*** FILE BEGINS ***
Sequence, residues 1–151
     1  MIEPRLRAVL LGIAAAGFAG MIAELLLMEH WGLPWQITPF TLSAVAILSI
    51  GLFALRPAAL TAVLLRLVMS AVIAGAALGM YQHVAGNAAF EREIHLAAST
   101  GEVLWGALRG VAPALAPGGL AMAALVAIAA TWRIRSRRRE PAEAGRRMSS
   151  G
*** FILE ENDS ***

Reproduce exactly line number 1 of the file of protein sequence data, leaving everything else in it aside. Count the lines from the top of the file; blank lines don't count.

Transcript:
Sequence, residues 1–151